A recent study analyzing the receptor that leads to nausea could be crucial in the development of drugs to reduce chemotherapy side effects.
Most currently used cancer drugs are known to cause many chemotherapy side effects. These unpleasant side effects are sensed through a class of receptors called neurokin 1 receptor (NK1R). Pharmacological targeting of these receptors has been attempted for many decades to reduce chemotherapy side effects (also called chemotherapy-induced nausea and vomiting, CINV). This has led to the development of Aprepitant and Netupitant, drugs that are currently being used to target this receptor and reduce cancer chemotherapy side effects.
The same receptor is also involved in sensing pathological conditions like gastrointestinal disorders, inflammation, migraine, depression, and asthma. Therefore the development of chemical compounds that can target this receptor continues to excite researches in hope of developing additional anti-nausea medications and drugs that can be used to treat diseases influenced by neurokin 1 receptor.
Researchers from the University of Zurich in Switzerland determined the three-dimensional structure of the receptor as it was bound to the drugs Aprepitant or Netupitant. The researchers also isolated receptors when it was bound with a test compound CP-99,994 – a drug identified from a large-scale screening evaluating thousands of chemicals for NK1R inhibitory activity. They published their results in Nature Communications.
The structural analysis revealed that while both the clinically approved drugs (Aprepitant or Netupitant) and the test compound CP-99,994 bind the receptor equally well, only the clinically-approved drugs are retained on the receptor for a longer duration. This improved binding is responsible for the success of Aprepitant or Netupitant in comparison to CP-99,994.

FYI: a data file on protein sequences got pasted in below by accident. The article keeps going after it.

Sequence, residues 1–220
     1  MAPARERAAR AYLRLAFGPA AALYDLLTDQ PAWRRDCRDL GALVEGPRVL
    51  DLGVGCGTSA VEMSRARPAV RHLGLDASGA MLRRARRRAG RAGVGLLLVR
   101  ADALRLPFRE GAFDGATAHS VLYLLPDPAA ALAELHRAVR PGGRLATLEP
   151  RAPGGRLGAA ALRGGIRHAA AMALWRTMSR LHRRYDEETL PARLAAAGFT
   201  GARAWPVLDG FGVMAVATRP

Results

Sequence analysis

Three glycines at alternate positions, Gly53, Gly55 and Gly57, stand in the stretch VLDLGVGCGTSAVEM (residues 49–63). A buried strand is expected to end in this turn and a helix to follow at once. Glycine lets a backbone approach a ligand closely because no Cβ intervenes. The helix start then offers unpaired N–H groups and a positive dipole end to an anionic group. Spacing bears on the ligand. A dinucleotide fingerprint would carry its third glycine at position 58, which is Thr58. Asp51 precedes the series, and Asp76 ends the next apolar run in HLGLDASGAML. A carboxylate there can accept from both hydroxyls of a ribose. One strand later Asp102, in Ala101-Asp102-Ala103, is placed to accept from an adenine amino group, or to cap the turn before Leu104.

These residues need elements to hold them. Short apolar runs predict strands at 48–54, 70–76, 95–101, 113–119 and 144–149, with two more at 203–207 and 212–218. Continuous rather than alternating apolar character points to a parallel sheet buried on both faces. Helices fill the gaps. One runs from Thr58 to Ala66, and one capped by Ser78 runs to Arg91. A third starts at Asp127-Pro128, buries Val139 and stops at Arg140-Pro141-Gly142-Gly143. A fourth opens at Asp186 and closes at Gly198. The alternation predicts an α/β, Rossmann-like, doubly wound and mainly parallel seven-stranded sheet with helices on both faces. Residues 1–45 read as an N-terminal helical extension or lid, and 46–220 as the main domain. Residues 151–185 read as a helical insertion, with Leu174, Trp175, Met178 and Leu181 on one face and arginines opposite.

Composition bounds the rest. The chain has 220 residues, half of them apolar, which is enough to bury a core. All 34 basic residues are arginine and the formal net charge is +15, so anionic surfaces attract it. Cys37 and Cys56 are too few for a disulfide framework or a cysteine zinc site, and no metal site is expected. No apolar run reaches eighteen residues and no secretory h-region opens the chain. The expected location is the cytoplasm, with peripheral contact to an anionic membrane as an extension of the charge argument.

The authors also found a mechanism for this phenomenon. The investigators found that the clinically-approved inhibitors, after binding to the receptor, change its structure in a manner that facilitates the “trapping” of inhibitors onto its surface. In contrast, the test compound can bind the receptor equally well, but it does not induce such a structural change in the receptor and gets released from the receptor.
The author suggested that structural insights like these could accelerate the discovery of anti-nausea drugs that are being developed to manage chemotherapy side effects and treat NK1R influenced pathological conditions.
Written by Vinayak Khattar, Ph.D., M.B.A
Reference: Schöppe, J., Ehrenmann, J., Klenk, C., Rucktooa, P., Schütz, M., Doré, A. S., & Plückthun, A. (2019). Crystal structures of the human neurokinin 1 receptor in complex with clinically used antagonists. Nature Communications, 10(1), 17. doi:10.1038/s41467-018-07939-8